Automation is one of the hottest topics in business operations. Many enterprise leaders are thinking how they can leverage automation to gain a competitive advantage and others are considering how will automation change the workforce.
In this guide we dig deep into the topic of intelligent automation, going through key topics, examples and best practices to help executives understand and take use of the opportunity.
Grab a good warm drink, sit down and enjoy! ☕
What is intelligent automation?
Intelligent automation is the use of technology such as artificial intelligence (AI) and robotic process automation (RPA) to automate mundane, repetitive tasks. Intelligent automation streamlines processes, cuts costs, and improves the efficiency of business operations.
While the interpretations of intelligent automation differ greatly between experts and organizations, you can consider IA to include different business operations that are enabled by artificial intelligence or machine learning. Examples can include:
- AI-powered process and task intelligence.
- Robotic process automation (RPA).
- Intelligent document processing (IDP) and natural language processing (NLP).
- Conversational AI and chat bots.
- API-based intelligent data integrations (iPaaS).
Roots in intelligent process automation
To a large degree intelligent automation emerged from the field of business process management - a structured and efficiency-focused way to manage business operations. The term itself was coined in 2017 by the analyst firm Forrester as part of their research into enterprise automation frameworks.
You can consider IA to be an advanced form of intelligent process automation - where the core goal is to develop processes and workflows that improve the way work is done with advanced technology and software.
Intelligent automation vs hyperautomation
Intelligent automation is sometimes referred to as hyperautomation - a term coined by Gartner. In Gartner’s definition, hyperautomation is “a business-driven, disciplined approach that organizations use to rapidly identify, vet and automate as many business and IT processes as possible.”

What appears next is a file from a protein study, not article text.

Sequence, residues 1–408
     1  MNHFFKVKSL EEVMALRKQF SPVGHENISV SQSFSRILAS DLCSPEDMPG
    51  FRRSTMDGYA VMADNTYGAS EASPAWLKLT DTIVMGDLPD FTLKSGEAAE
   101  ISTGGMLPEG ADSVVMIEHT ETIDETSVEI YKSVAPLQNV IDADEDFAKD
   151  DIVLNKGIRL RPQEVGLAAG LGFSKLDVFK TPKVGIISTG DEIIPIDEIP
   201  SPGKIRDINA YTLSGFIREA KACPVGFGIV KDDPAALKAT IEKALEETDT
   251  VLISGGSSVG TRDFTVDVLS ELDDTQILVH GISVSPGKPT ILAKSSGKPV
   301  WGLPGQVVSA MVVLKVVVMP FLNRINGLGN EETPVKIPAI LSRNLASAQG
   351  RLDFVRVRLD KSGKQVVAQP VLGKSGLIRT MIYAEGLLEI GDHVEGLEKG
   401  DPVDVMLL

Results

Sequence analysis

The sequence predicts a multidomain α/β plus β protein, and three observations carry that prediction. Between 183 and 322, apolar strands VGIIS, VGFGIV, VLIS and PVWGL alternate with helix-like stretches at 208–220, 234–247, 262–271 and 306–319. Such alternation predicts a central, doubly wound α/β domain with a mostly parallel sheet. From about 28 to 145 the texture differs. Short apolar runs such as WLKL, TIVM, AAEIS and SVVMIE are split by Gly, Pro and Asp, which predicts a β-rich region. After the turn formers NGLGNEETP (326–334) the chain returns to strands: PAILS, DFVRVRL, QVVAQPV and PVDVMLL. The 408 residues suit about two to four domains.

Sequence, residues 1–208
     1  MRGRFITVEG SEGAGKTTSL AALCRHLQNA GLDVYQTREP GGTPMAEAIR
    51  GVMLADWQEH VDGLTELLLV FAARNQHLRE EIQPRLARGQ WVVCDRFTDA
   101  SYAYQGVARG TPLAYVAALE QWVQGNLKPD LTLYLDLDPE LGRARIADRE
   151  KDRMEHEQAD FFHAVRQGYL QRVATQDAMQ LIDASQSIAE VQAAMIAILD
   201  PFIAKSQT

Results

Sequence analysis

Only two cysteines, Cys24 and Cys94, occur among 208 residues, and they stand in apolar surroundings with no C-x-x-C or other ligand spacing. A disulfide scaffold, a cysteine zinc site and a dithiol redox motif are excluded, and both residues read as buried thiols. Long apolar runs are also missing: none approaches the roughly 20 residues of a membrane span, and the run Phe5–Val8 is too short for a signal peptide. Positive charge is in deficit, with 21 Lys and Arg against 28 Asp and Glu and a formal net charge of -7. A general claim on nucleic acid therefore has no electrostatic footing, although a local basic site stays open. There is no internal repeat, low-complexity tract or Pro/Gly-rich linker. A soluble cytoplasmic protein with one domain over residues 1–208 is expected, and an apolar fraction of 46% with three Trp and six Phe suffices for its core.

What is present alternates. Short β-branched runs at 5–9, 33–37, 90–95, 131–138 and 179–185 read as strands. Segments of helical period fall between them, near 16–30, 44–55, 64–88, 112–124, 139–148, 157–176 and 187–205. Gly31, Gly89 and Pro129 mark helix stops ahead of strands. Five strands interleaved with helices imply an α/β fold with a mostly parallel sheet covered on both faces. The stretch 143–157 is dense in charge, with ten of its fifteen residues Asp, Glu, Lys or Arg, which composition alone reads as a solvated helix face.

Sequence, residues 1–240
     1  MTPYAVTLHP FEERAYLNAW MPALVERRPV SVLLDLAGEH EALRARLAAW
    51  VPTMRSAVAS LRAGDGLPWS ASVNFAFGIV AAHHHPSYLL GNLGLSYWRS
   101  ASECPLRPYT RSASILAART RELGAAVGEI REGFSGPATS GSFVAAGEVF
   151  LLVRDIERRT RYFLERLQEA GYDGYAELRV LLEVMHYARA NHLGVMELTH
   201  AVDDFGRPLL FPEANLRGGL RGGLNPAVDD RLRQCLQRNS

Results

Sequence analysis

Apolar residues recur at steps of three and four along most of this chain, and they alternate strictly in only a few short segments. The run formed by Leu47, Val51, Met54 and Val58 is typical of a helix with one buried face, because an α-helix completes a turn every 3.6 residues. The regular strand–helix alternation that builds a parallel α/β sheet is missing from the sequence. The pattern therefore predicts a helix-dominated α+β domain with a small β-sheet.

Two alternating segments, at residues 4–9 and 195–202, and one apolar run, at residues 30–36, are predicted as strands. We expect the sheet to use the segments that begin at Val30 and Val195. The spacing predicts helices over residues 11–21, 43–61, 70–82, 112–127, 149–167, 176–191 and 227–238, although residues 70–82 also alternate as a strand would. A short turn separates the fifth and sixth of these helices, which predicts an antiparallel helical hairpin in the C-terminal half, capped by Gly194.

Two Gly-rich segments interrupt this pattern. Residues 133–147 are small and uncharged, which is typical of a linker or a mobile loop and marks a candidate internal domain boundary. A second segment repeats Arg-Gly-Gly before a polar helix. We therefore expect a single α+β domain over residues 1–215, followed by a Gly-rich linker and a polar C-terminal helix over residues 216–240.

According to Gartner, hyperautomation involves the orchestrated use of multiple technologies, tools or platforms, including: artificial intelligence (AI), machine learning, event-driven software architecture, robotic process automation (RPA), business process management (BPM) and intelligent business process management suites (iBPMS), integration platform as a service (iPaaS), low-code/no-code tools, packaged software, and other types of decision, process and task automation tools.”
Is intelligent automation part of digitalization?
Intelligent automation is a major driver of digital transformation as it highly impacts all three components of digital work: people, processes and technology.
More deeply you can see intelligent automation enabling the six key success factors of digital transformation:
- Strategy - achieving a competitive advantage by leveraging a digital-first strategy.
- Organization - enabling the future of work by augmenting the modern workforce.
- Culture - democratizing data and insights - enabling value across all levels of the enterprise organization.
- Technology - connecting the best of human and artificial intelligence where technology augments experience.
- People - giving people more meaningful work without copy-paste talent waste.
- Customer experience - streamlining and improving the fully digitalized customer experience.